After every spit buzz carefully check to make certain you NEVER remove the tip of your tongue from your bottom lip. The tip must always stay forward in full contact with your lower lip. In order to make room for your forward tongue, keep your teeth well separated in all registers.
Follow the above rules religiously and you will lay the proper foundation for a powerful embouchure, one that will allow you to play any repertoire of your choosing – orchestra, church, big band, community band, etc.
Here is another valuable tip: use only a small diameter mouthpiece. You want one with a brilliant, centered sound so you can carefully control the pitch. Once your spit buzz is working effectively then pitch guides the next steps of your development.
For those of you who wish to maximize your comeback efforts, I offer ½ hour telephone lessons for $30.00. From the convenience of your own home, you can learn to play in the manner of the finest pros. For nearly 50 years, I’ve taught brass students from ages 12 to 90 the secrets to mastering this wonderful instrument. As a comeback player, now is the time to do it right!
Please feel free to call me. Let me know that you are a comeback player and I’ll give you your first telephone lesson free of charge. It will be my pleasure to help you.
*Text editing: Kyle Schmeer


"I especially enjoyed this show. The atmosphere was very positive. And, I’m getting more secure all the time as I represent the product. Plus, I learn so much with each show. " – Kyle Schmeer
Jerry with long time friend, Frank Kaderabek


I finally made it home to the UK. I had an amazing trip that started with your lesson, then Herb Smith and then 3 weeks teaching in poor areas in Venezuela.
However, during this time I put the hours in on private study and watched your DVD. It wasn't always easy bu, zz you said, after 3 weeks the superchops method began to feel natural. 4 weeks after my lesson with you I now feel at home using your method and will never go back to a Bach 1C or large bore trumpet. I am playing everything on the SIMA trumpet and in Venezuela received many compliments on how beautiful my tone was on this fantastic trumpet.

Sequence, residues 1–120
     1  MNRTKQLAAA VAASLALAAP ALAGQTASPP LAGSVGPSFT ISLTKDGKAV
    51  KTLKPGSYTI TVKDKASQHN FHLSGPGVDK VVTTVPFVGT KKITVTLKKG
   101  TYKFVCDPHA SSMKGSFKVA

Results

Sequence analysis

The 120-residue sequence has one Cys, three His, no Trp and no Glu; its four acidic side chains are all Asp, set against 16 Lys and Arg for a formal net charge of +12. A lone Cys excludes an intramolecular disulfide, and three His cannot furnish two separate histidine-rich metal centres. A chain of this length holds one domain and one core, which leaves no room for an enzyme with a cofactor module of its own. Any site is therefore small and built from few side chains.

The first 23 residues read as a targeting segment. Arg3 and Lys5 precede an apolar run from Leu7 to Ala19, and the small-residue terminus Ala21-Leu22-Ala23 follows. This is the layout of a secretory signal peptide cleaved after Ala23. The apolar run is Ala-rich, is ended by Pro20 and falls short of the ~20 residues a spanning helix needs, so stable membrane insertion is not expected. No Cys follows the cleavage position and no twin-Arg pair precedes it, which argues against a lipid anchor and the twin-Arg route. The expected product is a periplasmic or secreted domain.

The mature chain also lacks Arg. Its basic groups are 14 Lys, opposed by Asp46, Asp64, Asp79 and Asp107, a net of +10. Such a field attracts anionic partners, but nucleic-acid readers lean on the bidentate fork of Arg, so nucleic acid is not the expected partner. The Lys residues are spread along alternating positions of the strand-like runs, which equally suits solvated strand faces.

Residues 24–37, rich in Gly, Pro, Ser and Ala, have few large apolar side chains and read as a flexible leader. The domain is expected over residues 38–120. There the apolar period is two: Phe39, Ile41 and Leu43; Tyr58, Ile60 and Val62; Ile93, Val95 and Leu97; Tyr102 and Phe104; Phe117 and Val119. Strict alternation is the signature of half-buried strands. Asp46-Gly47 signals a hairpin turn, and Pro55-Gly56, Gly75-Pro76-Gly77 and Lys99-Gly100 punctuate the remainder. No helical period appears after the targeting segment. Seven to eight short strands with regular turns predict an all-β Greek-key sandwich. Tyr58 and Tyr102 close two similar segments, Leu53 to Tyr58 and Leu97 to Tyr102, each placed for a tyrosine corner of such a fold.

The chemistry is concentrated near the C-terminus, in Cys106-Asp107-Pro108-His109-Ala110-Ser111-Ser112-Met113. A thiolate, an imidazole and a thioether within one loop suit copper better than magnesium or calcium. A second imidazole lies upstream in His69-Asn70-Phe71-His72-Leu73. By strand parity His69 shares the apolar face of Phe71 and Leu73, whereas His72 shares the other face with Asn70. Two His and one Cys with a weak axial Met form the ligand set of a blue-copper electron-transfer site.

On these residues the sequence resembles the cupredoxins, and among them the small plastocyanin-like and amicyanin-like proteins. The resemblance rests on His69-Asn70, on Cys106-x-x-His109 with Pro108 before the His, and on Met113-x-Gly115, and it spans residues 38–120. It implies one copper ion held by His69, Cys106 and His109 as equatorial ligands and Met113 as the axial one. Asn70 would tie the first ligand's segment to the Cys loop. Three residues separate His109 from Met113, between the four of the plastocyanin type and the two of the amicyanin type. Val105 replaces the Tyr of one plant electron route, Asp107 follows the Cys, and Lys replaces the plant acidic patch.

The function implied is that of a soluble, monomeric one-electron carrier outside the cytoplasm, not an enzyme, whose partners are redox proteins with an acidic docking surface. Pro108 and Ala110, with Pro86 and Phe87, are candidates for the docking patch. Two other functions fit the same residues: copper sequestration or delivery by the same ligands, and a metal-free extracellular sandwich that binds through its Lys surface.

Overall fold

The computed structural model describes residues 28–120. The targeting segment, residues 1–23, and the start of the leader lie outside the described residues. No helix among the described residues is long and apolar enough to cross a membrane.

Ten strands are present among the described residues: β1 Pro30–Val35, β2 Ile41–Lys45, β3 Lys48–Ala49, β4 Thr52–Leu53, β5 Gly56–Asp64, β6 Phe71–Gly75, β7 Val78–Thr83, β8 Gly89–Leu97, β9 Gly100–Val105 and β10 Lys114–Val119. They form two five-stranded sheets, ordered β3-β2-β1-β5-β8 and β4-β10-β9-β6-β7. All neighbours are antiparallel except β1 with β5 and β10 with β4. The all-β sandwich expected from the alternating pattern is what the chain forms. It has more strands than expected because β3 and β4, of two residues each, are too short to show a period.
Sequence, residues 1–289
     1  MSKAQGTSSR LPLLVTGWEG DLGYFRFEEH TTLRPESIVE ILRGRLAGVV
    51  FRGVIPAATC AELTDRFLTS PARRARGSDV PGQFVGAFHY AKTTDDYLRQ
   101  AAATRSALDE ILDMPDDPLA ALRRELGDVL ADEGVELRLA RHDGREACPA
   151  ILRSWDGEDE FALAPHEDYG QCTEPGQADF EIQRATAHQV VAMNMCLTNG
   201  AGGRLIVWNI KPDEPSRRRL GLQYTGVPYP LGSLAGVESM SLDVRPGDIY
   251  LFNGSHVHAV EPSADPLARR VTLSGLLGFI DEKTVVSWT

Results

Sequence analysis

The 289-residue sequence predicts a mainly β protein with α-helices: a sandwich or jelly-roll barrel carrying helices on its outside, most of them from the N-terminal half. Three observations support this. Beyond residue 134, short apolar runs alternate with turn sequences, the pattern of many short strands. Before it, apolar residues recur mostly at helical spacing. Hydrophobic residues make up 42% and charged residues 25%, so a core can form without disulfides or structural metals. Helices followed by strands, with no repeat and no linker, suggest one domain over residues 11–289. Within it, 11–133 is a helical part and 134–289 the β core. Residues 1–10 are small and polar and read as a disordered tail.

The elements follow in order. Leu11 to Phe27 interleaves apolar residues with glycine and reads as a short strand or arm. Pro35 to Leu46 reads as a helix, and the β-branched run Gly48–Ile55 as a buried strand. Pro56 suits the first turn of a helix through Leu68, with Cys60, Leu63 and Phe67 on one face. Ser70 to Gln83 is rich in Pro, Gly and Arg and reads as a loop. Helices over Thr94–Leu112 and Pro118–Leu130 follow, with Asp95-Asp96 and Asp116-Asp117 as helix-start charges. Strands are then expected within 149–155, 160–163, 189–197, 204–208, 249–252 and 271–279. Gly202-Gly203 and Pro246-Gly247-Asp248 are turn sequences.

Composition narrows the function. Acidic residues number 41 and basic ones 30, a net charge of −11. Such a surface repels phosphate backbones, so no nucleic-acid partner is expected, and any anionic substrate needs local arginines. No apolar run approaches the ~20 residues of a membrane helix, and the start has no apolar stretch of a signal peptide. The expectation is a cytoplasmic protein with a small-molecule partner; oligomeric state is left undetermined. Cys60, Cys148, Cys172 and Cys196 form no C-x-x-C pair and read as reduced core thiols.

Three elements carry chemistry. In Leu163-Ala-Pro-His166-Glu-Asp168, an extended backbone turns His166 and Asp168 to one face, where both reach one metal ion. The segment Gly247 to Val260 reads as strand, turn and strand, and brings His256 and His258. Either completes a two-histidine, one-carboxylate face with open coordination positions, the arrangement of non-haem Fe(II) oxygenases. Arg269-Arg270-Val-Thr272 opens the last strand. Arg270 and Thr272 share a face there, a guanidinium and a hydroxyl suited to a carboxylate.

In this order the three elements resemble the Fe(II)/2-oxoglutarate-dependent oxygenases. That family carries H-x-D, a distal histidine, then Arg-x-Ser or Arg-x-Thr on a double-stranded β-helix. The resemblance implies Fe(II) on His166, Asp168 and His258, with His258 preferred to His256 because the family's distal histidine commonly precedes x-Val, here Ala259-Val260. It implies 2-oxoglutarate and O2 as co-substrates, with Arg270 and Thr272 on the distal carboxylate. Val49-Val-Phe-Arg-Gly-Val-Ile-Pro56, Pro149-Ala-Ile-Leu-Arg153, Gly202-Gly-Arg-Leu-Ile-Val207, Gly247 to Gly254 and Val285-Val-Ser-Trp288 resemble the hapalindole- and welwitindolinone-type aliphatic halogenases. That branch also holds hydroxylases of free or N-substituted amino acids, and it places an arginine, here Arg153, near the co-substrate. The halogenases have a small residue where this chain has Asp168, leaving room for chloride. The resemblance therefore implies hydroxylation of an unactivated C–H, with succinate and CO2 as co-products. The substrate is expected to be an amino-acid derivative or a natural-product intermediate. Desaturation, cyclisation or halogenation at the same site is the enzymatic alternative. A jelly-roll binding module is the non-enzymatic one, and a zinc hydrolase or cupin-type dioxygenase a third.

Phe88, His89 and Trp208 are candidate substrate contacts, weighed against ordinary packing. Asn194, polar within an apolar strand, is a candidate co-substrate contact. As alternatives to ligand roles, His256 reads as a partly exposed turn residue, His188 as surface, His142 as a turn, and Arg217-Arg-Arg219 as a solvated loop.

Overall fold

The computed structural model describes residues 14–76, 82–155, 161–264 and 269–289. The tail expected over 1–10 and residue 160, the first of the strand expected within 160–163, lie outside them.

Thank you for all your hard work and dedication to the trumpet and for a life changing and inspirational day with you.
Jerry Clack, UK


Please keep visiting:
http://www.callettrumpets.com/feedback.htm for new
endorsements from the SIMA players.


When Jerry sent the Superchops 3 mouthpiece to me I was really skeptical about it because I had a good thing going with the Superchops 2 and everyone in the orchestra was happy with my sound on the SC2 and the SIMA horn. The week I got the SC3 I decided to just play it in the rehearsal the next day and see if anyone noticed, or if I noticed a big difference. We were playing Mahler 6. Well we noticed a difference alright. To my surprise my sound was bigger and more centered. But the biggest surprise was low notes. My low notes were bigger, louder and more center than with the bigger throated SC2. I couldn't believe it. The other guys in the section didn't know that I changed mouthpieces, and they still don't know. They just thought I was playing better, and louder on the low notes. And being third trumpet in a major symphony orchestra, low notes are my business.